Blast furnaces in the Bergslagen region were first used sometime at the beginning of the 13th century, which was the period during which miners started to extract the iron from rock ore, instead of from bog or lake ore. The new blast furnaces soon replaced the old pit furnaces.
The blast furnace had a tall structure, with a central vertical shaft several metres in length and having a diameter at its widest point of 1–2 metres. The shaft was lined using a selected natural stone of clay mortar, reinforced with a further encircling wall of heavier stone and, finally, timber boxing. The area between the lining and the timber boxing was sealed using a fine-grained material—often sand and soil. Two vaults or passages, running in towards the centre, were created at the bottom: one, the tuyère, for blowing in air by means of water-driven bellows, and the other for tapping the molten iron and slag at regular intervals.
For practical reasons, blast furnaces were built alongside a fast-flowing watercourse, on which a water-wheel could be installed to drive the bellows. Ideally, the site would also be on the side of a hill, as the ore and charcoal could then readily be carted to the top of the furnace from the storage site on the level above. This type of blast furnace was built and in use up until the mid-19th century.
The remains of the ancient medieval smelting works are today no more than slag heaps and mounds. However, they could prove to be fruitful sites for archeological digs.
Professional ironworkers, know as the Walloons (French-speaking Belgians), came to Sweden during the 17th century onwards, and introduced a new construction for blast furnaces, one without timber boxing. In the new design, the carefully sealed foundation wall of dressed stone continued all the way up, secured by iron ties. These were known as French-type or stone furnaces.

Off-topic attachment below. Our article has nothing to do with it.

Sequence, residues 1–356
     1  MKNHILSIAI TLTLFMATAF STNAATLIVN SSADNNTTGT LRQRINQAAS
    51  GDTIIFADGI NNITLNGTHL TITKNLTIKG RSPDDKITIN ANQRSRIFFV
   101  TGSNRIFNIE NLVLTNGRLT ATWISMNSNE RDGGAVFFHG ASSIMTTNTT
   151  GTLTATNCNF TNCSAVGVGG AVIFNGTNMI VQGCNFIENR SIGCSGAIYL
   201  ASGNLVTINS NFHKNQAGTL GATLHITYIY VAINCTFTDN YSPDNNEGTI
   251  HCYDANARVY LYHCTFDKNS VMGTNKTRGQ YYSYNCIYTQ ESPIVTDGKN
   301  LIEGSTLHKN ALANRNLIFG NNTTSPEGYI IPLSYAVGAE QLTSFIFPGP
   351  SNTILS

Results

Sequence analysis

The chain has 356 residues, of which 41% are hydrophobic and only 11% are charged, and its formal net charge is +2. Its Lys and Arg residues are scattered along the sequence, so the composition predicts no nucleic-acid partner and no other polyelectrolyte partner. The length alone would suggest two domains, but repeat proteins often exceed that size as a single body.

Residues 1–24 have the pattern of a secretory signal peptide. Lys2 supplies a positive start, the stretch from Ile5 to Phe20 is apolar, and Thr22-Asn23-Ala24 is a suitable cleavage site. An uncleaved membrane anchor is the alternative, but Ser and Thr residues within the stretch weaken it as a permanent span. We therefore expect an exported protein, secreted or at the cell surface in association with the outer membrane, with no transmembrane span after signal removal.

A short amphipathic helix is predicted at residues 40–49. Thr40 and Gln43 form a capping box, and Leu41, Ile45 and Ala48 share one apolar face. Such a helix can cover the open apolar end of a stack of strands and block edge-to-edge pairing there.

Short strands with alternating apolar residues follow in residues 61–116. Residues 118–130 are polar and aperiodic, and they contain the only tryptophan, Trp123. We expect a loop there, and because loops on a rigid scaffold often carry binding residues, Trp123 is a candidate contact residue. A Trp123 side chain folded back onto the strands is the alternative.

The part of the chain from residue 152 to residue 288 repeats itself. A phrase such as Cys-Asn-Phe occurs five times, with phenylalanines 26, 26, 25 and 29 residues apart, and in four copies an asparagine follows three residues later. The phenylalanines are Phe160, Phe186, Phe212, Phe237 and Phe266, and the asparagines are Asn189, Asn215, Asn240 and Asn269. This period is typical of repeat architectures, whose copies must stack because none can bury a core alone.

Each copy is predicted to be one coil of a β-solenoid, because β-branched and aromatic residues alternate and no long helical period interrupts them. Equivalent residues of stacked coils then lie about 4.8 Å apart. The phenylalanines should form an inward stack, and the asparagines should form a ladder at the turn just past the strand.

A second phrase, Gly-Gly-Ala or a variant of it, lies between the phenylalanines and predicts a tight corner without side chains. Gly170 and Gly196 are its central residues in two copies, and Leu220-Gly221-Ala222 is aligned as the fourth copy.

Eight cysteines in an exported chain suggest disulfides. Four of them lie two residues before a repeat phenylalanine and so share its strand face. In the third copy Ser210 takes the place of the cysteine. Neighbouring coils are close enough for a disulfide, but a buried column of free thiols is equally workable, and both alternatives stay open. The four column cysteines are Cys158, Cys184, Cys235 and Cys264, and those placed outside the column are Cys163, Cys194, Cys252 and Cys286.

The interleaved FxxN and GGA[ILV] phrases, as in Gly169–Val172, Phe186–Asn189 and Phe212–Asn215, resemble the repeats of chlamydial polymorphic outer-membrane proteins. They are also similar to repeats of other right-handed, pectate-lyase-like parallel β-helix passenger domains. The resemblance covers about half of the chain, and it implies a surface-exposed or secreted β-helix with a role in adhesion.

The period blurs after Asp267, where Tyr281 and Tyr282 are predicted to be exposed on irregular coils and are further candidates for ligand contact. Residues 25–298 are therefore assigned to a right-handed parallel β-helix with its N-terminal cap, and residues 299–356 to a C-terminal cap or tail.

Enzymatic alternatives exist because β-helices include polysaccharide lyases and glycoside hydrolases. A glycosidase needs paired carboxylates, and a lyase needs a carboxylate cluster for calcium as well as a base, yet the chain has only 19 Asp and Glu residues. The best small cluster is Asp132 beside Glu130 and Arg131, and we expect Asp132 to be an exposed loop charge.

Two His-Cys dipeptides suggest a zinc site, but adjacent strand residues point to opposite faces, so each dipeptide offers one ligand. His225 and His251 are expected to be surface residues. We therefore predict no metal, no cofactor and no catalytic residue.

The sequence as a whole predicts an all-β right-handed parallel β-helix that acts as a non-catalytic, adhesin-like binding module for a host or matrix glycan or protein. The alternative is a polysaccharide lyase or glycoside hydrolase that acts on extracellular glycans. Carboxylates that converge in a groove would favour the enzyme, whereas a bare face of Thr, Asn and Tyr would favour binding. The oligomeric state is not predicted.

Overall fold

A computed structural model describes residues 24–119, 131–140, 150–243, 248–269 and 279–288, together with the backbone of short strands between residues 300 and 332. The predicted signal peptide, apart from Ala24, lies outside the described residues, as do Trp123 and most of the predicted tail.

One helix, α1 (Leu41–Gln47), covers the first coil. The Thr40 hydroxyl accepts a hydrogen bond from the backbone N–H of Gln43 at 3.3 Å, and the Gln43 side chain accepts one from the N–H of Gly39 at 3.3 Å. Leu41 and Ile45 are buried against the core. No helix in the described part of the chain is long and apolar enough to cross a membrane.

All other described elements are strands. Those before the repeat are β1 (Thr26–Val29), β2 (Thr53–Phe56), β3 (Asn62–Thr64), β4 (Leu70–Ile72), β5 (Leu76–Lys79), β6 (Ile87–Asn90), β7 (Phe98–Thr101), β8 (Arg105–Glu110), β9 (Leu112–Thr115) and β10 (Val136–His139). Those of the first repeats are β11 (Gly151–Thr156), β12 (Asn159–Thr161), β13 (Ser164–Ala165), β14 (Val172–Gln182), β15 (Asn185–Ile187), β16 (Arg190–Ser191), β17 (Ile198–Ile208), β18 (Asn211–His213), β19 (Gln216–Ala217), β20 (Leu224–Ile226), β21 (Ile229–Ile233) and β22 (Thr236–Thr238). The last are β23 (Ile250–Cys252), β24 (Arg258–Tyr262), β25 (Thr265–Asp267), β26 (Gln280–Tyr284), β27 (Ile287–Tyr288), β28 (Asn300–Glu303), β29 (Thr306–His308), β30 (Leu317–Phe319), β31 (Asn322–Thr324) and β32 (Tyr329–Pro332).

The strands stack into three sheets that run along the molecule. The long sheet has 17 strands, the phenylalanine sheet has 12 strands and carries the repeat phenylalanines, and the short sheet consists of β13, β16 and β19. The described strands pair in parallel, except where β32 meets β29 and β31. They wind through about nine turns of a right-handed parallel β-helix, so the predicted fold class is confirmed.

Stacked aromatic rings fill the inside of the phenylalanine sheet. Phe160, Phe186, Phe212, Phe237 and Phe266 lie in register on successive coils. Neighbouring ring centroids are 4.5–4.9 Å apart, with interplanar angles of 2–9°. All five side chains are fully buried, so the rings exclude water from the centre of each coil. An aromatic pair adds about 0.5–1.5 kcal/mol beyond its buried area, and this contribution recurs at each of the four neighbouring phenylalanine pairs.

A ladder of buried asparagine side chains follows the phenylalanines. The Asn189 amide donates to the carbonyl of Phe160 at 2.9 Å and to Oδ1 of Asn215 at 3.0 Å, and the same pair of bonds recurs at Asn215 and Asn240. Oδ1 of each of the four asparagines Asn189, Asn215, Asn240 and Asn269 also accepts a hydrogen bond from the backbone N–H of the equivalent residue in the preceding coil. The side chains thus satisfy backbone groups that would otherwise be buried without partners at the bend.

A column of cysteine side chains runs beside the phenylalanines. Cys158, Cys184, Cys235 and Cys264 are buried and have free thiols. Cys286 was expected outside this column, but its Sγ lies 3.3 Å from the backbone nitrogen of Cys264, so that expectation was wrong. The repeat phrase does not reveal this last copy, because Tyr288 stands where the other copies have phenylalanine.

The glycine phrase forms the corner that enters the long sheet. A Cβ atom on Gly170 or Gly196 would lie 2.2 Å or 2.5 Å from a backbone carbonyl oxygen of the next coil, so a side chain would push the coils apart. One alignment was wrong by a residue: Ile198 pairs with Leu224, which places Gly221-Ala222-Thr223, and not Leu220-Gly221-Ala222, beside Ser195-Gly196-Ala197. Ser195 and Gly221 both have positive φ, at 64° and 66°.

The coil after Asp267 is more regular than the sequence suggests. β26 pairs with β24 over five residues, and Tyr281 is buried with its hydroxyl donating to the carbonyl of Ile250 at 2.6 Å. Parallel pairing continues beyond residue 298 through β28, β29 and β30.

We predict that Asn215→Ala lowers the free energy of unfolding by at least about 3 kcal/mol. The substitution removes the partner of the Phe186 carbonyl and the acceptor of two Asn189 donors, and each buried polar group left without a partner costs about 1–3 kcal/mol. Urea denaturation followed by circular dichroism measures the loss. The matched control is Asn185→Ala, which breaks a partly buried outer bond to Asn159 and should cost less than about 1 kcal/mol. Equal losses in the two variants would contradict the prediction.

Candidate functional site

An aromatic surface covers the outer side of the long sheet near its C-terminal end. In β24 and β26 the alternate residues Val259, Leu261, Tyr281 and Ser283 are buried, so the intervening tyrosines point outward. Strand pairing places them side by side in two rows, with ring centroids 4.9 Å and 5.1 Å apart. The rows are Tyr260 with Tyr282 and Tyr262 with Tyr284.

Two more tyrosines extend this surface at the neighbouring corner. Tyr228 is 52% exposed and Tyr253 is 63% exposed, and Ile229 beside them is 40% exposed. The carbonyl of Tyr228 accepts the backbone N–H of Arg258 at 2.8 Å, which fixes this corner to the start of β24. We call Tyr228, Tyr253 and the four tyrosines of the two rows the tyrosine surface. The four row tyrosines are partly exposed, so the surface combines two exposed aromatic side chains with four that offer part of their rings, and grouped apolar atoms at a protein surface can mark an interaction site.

Various improvements, brought on by increasing competition, took place in blast-furnace engineering in the mid-19th century. The main areas concerned were fuel economy and output. In the past, the blast furnace was open to the skies and the waste gases were burnt off in open flares. So the first job was to fit a cover over the top, which meant that the unburnt gases could be diverted to other heating needs.
For instance, the gases could help to heat a hot blast stove, which was used to preheat (by some 200°C) the air blown in through the nozzle at the bottom of the shaft. Another option was to burn the gas in a separate roasting house adjacent to the blast furnace. In the past, the ore was roasted using large wood fires in open furnaces, a method that was both slow and imprecise. In later years, it became possible to use the recycled gas to fuel the boiler in a steam-driven blower machine when the capacity of the water-wheel was inadequate.
The blast furnaces also grew taller and wider, creating a demand for a greater volume of air and a higher blast pressure. Examples of these later smelting houses and roasting houses are the Engelsberg and Flatenberg smelteries, which are just outside Smedjebacken.
Towards the end of the 19th century, the benefits of overseas techniques were at last adopted in Sweden and special refractory bricks, instead of natural stone, were used to line the furnaces. The timber boxing disappeared, the heavy shaft was retained by means of iron strapping, and the entire assembly was made freestanding, supported on pillars in an external framework—a “Scottish” type furnace. One such blast furnace can be seen at Klenshyttan, which lies between Ludvika and Grängesberg.
Gradually, the production of iron became increasingly concentrated, with fewer but larger blast furnaces located close to the new steelworks, with the charcoal fuel being replaced with coke produced from imported coal. Today, there are just two active blast furnaces in Sweden, one at Luleå and the other at Oxelösund.
A single day’s output of iron at a modern steelworks is more than would have been produced in an entire year in a 17th-century smelting house!